China’s ‘debt-book diplomacy’ comes under fire
A damning report has highlighted 16 countries targeted by Beijing with Pakistan, Djibouti and Sri Lanka identified as the most vulnerable
China is using “debt-book diplomacy” to ensnare developing countries across Asia and the Pacific. A report written by Harvard scholars has warned the US State Department of the impact of what are perceived to be cheap loans.
In a damning document, the report highlighted 16 countries targeted by Beijing with Pakistan, Djibouti and Sri Lanka identified as the most vulnerable.
All are part of President Xi Jinping’s epic Belt and Road Initiative, connecting China with 68 countries across Asia, Africa, the Middle East and Europe in a maze of multi-trillion-dollar infrastructure projects.
Last year, the unprofitable Sri Lankan port of Hambantota, built with billion-dollar loans from the world’s second-largest economy, was leased to Chinese state-owned companies for 99 years to repay the debt. Already there are concerns about how the port will be used.
“There’s definitely the potential where they can have it go from commercial, to occasional visit, to logistics, to humanitarian and then maybe finally a military base,” Sam Parker, the co-author of the report, prepared at the Harvard Kennedy school of policy analysis, said.
Significantly, Pacific nations such as Vanuatu, Papua New Guinea and Tonga all owe Beijing billions of dollars in loans, “encircling United States allies Australia and New Zealand.”
A US State Department official reacted quickly to the findings, which were released earlier this week, and told CNN that it would “encourage China to promote and uphold internationally accepted best practices in funding.”
“We need to ensure recipients have options that allow them to retain their sovereignty and future control of their economies,” the official said.
In response, the Chinese government has called the report “very irresponsible” and based on stereotypes.
Lu Kang, a foreign ministry spokesman, pointed out at a media briefing earlier this week that the report’s authors “are turning to the mode of thinking they are familiar with to guess the Chinese government’s thoughts and stance in its foreign assistance and cooperation.”
“Only the governments and people that have such cooperation with China have the most right to comment on the specific effect of the cooperation,” he added.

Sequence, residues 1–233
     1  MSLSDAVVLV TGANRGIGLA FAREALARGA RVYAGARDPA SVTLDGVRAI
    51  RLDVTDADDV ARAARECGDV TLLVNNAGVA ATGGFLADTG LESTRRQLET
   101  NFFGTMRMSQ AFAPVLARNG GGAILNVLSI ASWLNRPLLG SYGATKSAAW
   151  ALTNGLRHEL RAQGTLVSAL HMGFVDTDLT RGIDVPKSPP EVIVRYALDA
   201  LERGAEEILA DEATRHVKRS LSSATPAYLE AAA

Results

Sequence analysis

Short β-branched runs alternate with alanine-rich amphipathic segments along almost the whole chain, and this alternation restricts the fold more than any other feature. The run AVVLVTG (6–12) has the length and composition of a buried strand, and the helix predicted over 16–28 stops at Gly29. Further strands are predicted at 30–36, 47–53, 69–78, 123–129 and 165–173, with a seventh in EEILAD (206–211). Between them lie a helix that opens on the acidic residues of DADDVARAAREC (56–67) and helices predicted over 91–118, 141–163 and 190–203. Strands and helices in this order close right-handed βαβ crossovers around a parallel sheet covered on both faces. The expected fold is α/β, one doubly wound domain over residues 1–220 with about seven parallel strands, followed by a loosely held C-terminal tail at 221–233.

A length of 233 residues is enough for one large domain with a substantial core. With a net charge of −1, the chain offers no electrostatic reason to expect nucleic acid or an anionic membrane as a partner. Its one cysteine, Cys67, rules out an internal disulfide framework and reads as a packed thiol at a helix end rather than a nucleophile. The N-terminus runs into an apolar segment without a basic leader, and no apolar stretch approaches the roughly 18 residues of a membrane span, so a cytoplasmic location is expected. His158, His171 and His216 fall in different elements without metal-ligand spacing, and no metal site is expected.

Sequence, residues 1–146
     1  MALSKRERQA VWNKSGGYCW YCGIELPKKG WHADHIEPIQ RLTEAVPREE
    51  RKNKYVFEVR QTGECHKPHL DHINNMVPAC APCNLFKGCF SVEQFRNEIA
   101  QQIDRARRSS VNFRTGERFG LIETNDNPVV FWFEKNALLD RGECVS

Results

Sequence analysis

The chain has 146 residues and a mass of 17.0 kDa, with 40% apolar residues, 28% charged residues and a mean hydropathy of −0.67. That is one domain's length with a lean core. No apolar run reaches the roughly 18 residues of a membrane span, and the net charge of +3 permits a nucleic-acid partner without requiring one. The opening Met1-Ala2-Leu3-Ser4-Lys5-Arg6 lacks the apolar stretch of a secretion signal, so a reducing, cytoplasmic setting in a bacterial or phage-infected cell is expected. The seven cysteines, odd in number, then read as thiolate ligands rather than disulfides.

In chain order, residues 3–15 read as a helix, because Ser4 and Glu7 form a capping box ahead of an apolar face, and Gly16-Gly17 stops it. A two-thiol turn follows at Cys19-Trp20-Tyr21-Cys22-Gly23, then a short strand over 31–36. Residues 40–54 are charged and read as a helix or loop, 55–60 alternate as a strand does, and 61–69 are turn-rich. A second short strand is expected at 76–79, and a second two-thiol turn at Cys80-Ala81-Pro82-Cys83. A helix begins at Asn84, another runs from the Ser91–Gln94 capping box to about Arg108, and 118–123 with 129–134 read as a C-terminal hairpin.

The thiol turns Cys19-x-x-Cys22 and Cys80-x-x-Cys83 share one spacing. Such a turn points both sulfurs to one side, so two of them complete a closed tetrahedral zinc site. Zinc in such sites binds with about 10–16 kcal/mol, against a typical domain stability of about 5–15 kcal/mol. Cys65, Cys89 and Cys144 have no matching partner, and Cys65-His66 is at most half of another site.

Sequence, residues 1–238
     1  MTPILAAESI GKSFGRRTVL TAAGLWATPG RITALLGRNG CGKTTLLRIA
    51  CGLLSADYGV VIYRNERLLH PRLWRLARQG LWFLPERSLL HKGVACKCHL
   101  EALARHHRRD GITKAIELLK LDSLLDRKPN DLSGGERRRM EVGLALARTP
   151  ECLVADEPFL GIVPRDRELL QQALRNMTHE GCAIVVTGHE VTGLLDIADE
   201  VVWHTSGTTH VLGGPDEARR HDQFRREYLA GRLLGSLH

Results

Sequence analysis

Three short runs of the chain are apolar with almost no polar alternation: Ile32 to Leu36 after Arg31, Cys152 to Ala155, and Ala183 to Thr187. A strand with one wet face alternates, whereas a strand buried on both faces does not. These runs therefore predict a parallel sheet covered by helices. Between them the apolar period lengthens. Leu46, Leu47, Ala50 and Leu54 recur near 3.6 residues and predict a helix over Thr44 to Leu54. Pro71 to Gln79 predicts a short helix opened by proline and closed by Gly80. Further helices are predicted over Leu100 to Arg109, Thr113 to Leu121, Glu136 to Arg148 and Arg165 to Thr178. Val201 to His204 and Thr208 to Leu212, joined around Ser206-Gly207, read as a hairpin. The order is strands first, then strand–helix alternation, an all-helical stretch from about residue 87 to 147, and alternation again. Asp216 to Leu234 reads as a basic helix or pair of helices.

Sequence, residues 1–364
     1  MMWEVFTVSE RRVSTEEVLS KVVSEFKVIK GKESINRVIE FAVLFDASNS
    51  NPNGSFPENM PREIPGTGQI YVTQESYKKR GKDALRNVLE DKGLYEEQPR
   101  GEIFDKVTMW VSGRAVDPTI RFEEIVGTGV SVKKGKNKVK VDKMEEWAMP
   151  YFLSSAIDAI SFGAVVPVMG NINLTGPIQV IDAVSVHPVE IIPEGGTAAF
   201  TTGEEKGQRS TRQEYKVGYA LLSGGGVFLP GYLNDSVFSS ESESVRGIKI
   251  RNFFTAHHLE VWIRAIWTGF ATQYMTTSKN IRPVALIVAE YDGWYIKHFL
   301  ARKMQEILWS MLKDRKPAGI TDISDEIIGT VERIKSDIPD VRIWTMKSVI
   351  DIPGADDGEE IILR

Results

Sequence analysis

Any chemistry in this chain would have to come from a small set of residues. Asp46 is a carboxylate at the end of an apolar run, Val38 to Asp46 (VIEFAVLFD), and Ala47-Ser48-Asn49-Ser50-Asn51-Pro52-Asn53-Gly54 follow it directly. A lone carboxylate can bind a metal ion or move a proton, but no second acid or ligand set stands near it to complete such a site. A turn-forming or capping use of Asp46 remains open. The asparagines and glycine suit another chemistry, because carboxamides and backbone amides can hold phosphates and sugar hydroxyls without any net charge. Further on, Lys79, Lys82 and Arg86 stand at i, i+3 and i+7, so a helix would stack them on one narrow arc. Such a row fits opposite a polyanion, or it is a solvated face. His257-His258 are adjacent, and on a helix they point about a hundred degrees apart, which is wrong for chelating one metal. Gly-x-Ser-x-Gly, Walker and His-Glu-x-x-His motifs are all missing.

He went on to reiterate that Beijing was abiding by the “the principles” of consultation, contribution and shared benefits, the state-run China Daily reported.
“Only the governments and people that have such cooperation with China have the most right to comment on the specific effect of the cooperation,” he said.
Still, the report about rising debt has surfaced just months after warnings from the Center for Global Development, a Washington-based think tank, and the International Monetary Fund.
They have expressed concerns about spiraling borrowing connected to the Belt and Road program, or ‘New Silk Road’ superhighways.
In a report entitled Examining the Debt Implications of the Belt and Road Initiative from a Policy Perspective, the Center for Global Development cautioned that 23 countries could be prone to “debt distress.”
Of the group, Pakistan, Djibouti, the Maldives, Laos, Mongolia, Montenegro, Tajikistan and Kyrgyzstan were rated in the “high risk” category.
“Belt and Road provides something that countries desperately want – financing for infrastructure,” John Hurley, a visiting fellow at the Center for Global Development and co-author of the study along with Scott Morris and Gailyn Portelance, said in a statement.
“But when it comes to this type of lending, there can be too much of a good thing,” he added.
Christine Lagarde, the managing director of the IMF, touched on the same subject in Beijing last month because of the monumental scope of the planned $8 trillion network of transportation, energy and telecommunications infrastructure projects.
“The Belt and Road Initiative can provide much-needed infrastructure financing to partner countries,” Lagarde told a conference organized by the IMF and the People’s Bank of China, the country’s de facto central bank.
“However, these ventures can also lead to a problematic increase in debt, potentially limiting other spending as debt service rises, and creating balance of payment challenges,” she added.